I understand that you believe, based on recent publications, that genetics are no longer a factor in autism, but they are. Please stop trying to eliminate genetics from autism articles. Yes, some of the reviews here are old, but that information is still accurate. Also, as far as I know, everything in this article is sourced to a secondary review; it would be helpful if you would discuss your edits before making them, as you don't yet seem to have a firm grasp on Wikipedia's policies and guidelines. SandyGeorgia (Talk) 05:12, 2 January 2015 (UTC)

Are these sources reliable enough?

http://www.molecularautism.com/content/2/1/15/abstract (facial features)

http://www.ncbi.nlm.nih.gov/pubmed/22926922 (lungs)

They got removed, just want to confirm. Ylevental (talk) 16:05, 30 May 2015 (UTC)

They are not secondary sources, that is for sure. Dbrodbeck (talk) 16:26, 30 May 2015 (UTC)
Work on facies for early detection of syndromes has been going on for many years. I'm surprised there isn't a better reference. All the best: Rich Farmbrough, 02:45, 21 July 2015 (UTC).

Many scientific studies show a link between vaccines and autism

The statements in this wikipedia article "Causes of Autism" are basically false that deny there are scientific studies showing a link between vaccines and autism. Many scientific studies show a link between vaccines and autism and these are published in credible referred scientific journals, many are linked here:

30 Scientific Studies Showing the Link between Vaccines and Autism, published in Health Impact News. Many of the studies are recent and prominent and they are all published in scientific journals. They should be discussed in this article. Bioextra (talk) 18:14, 7 July 2015 (UTC)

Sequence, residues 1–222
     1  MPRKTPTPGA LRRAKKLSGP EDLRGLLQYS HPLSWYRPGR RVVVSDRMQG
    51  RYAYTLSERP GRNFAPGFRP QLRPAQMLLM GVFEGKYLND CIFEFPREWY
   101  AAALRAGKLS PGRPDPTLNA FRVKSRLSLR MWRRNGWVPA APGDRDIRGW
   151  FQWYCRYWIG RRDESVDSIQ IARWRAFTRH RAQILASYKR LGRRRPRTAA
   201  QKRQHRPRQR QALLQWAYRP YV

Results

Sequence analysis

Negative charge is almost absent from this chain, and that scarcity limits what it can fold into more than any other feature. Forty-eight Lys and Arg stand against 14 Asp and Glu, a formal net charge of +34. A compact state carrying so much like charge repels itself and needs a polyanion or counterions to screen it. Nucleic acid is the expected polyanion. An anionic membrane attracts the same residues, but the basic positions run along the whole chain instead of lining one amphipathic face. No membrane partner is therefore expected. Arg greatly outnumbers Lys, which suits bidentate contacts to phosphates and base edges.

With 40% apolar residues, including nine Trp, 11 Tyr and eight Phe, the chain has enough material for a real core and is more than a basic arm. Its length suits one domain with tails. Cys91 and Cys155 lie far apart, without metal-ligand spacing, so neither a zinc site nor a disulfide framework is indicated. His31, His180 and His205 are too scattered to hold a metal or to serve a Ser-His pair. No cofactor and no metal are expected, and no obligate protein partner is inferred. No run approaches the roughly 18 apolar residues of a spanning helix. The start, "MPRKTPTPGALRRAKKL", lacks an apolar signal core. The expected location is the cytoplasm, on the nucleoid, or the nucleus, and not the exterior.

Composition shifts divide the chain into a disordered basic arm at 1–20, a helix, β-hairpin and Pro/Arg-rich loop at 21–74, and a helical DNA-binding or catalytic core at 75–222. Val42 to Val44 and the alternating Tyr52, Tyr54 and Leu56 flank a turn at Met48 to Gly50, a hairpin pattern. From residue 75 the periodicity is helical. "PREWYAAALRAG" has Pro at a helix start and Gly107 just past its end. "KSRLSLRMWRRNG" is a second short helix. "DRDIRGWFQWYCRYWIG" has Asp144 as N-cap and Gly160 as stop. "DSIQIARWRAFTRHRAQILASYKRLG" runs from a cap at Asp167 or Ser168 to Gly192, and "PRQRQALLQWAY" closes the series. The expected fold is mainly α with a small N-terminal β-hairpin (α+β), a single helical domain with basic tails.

Some silly advoacy site - you must be joking! Please see WP:MEDRS for information on what are considered reliable health sources here. Alexbrn (talk) 18:18, 7 July 2015 (UTC)
The introduction to the list says "I have ONLY included autism related information, not research on other vaccine injuries of which there are many." yet Aluminum adjuvant linked to gulf war illness induces motor neuron death in mice is clearly not autism related. The research on Many of the other studies mention vaccination, or autism, but not both (sometimes neither). For example 23 is about ADHD , 24 is about incidence of Autism in California. (27 says that heavy metals are bad for you and the best test is a urine test.) The selection of the list also implies coproporphyrin level, mercury level, mercury exposure, thimersol and vaccination are all equivalent. This sort of sloppiness does not bode well for taking anything form the site seriously without significant further checking.
Further checking reveals that this is just a cut-and-paste of this Facebook page , which is in turn a cut-and-past from a blogger's notes.
The only source that stood out as possibly being both relevant and meeting WP:MEDRS was Helen V. Ratajczak (January-March 2011). "Theoretical aspects of autism: Causes—A review". Journal of Immunotoxicology 8 (1): 68-79.  Check date values in: |date= (help)</ref> tough this is a low impact factor journal. All the best: Rich Farmbrough, 15:08, 21 July 2015 (UTC).

Klinefelter syndrome and fragile X syndrome

According to German Wikipeda (with refs), Klinefelter syndrome is listed by some geneticists among the possible genetic causes of autism. This article does not mention Klinefelter's. --Florian Blaschke (talk) 20:42, 26 November 2015 (UTC)

Fragile X syndrome is not mentioned, either, even though its own article mentions a strong correlation with autism and autism even identifies it as "the most common identified genetic cause of autism". What gives? --Florian Blaschke (talk) 21:25, 26 November 2015 (UTC)